Queen of Hearts

Queen of Hearts

a novel

by Susan Shreve

"Her new novel has given Susan Shreve the scope her talent deserves. The depth and variety of its characters, the swing and reach of its narrative go to make Queen of Hearts her best work so far." —Eudora Welty

"Queen of Hearts is a rich, engrossing novel. It draws a vivid family picture, is well paced and eloquently detailed. It should delight Susan Shreve's readers and make her new ones." —Larry McMurtry

"I marveled at the way Susan Shreve captures both the long, slow sweep of time and the desperate maneuvers of each character swimming in the vast sea. I felt like a spy strategically placed to capture the intimate secrets of a small town." — John Edgar Wideman

"Susan Shreve is one of our finest novelist. This is a magical book!" —Annie Dillard


Queen of Hearts is set at once in the very real world of a small Massachusetts town and in the hearts and souls of its inhabitants. At its center is the beautiful Francesca Woodbine, granddaughter of a prostitute and fortune-teller, and herself  gifted with second sight. Francesca has beauty, talent, a life rooted in what appears to be a bedrock of family affection and solid small-town virtues—but she is haunted by a terrible secret from the past. On the eve of her wedding to a handsome local boy, she discovered him betraying her with another woman, and killed him. She was not found out.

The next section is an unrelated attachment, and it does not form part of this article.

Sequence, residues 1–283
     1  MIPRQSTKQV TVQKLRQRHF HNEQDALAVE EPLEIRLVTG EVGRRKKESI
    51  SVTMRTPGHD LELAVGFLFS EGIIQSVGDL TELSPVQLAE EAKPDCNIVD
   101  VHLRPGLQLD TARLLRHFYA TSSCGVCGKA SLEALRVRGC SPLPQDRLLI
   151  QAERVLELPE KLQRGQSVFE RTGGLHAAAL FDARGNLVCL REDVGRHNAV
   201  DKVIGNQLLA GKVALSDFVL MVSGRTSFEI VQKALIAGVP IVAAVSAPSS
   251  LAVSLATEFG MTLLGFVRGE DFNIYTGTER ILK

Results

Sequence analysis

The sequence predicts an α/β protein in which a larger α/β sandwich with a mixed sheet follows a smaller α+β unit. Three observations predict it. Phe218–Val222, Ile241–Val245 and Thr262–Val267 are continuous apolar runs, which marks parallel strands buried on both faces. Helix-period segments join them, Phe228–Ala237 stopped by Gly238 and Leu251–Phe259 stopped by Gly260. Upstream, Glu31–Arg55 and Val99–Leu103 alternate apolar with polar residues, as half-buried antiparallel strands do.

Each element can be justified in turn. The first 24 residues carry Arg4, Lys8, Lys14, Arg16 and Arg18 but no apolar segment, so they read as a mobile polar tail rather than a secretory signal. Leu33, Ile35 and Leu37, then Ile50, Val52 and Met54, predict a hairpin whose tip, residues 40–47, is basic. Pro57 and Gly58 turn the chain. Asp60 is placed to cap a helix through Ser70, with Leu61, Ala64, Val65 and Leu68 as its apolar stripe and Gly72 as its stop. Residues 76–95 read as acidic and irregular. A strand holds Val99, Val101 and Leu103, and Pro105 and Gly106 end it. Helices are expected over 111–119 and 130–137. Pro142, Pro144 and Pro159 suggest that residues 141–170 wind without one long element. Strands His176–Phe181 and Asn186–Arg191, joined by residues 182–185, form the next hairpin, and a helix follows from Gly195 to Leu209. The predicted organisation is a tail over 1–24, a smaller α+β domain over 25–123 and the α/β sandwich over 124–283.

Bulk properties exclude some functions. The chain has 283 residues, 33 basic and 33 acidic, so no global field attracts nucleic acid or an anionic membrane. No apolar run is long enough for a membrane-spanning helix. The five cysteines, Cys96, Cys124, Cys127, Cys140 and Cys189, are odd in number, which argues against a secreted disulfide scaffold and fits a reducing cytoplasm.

The Festival of Fortunes was held on the grounds of the high school in Bethany. Passions frozen during the long bleak winter surged out of control like the Lenora River, which in late spring swung a full skirt surrounding the town.


The Festival was actually a rite of spring. Winter in Bethany came before Thanksgiving and lasted until Spring, a damp, permanent cold from the sea. On the first of May, families broke out of their houses like flowers — full-bellied women impregnated in the lonely dark of November, children whose high spirits had been trapped too long in small rooms, young men anxious to feel the hard beating of life in their pulses. There were dancing and singing, games for the children, clowns and pony rides, a pocket lady with treasures in her apron, acrobats and jugglers. People drank merrily and made love in the next morning. And young women knew instinctively by the high prancing of the men that they could end their girlhood in some dark corner the night of the Festival.

© 2019 Susan Richards Shreve | Design by Cynthia Frank Design | Development by Abacus Design